The busiest time of year in the hospitality sector is firmly upon us. The festive season is a great opportunity for most of us to meet with friends and family, go out and enjoy each other’s company. Restaurants and bars are bustling with people catching-up and celebrating.
But imagine if there were no recruiters to help supply restaurants, bars and hotels with staff. No chefs in place to cook the meals we are ordering. Our tounge-in-cheek animation below imagines a Christmas scenario where recruiters hadn’t filled the roles necessary in the hospitality industry.
There is a serious message behind this clip – recruiters perform an essential service to ensure the holiday season runs smoothly, a task that gets more difficult when demand is so high. Chef shortages have been highlighted by the REC for the last couple of years, well before the UK voted to leave the EU.
Research this year by the British Hospitality Association with KPMG estimates that a quarter of all chefs are from the EU, therefore the danger is that shortages will increase post-Brexit. The survey also shows that the hospitality sector currently needs approximately 62,000 new EU migrants a year to grow.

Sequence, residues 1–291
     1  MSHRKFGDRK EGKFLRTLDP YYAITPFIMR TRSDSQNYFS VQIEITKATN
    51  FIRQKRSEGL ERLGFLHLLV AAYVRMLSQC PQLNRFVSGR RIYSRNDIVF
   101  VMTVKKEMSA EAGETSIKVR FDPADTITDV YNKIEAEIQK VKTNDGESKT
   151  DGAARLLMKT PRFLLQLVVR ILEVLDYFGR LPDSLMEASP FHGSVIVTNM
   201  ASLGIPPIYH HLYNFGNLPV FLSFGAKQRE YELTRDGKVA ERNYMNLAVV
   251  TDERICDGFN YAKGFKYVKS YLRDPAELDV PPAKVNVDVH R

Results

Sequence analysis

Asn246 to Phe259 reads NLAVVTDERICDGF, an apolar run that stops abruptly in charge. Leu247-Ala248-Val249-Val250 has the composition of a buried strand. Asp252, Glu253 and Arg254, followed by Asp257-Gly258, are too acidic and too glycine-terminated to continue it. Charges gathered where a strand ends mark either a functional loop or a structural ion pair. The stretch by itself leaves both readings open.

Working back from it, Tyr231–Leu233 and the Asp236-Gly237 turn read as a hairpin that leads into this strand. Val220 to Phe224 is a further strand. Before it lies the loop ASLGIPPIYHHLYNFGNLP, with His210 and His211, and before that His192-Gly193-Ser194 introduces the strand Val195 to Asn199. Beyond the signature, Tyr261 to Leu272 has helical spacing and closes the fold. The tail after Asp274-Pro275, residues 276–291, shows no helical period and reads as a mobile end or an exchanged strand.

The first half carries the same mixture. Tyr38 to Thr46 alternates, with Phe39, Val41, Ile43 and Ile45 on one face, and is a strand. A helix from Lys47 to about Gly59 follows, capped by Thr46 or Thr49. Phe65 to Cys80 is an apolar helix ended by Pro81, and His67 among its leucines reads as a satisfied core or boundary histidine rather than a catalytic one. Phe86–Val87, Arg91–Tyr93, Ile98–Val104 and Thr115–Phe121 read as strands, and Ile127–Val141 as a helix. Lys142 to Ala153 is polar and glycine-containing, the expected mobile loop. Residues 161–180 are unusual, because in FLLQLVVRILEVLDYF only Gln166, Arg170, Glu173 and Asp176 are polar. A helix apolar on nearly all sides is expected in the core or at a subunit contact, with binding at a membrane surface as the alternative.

Whilst no decision has yet been made on what a post-Brexit immigration system will look like, the UK is already feeling the impact. Recent ONS migration statistics show that there are more people from the EU leaving the country and fewer arriving to work. As a result it’s getting harder for employers to secure the number of people they need to fill vacancies across a number of sectors including hospitality.
If recruiters and employers can’t find candidates, they won’t be able to meet demand, which means there is a risk businesses won’t be able to grow and could end up downsizing, relocating or closing down.
Our recent blog here details what the REC is doing to influence the Brexit debate, highlighting skills shortages and ensuring government is aware of the role EU workers currently play in the UK to ensure that any new immigration system is one in which businesses can thrive.
Looking forward, it is essential that the UK has people with the skills necessary to fill vacancies. There needs to be a coordinated effort by government to train people in the skills we need in the future. We believe one way government could make a difference is through broadening the Apprenticeship Levy to a skills and training levy. We would like to see agencies up and down the country able to use the money to upskill workers who want to progress and perhaps become our future chefs.
In celebration of the job recruiters please share our clip to show that jobs transform Christmas.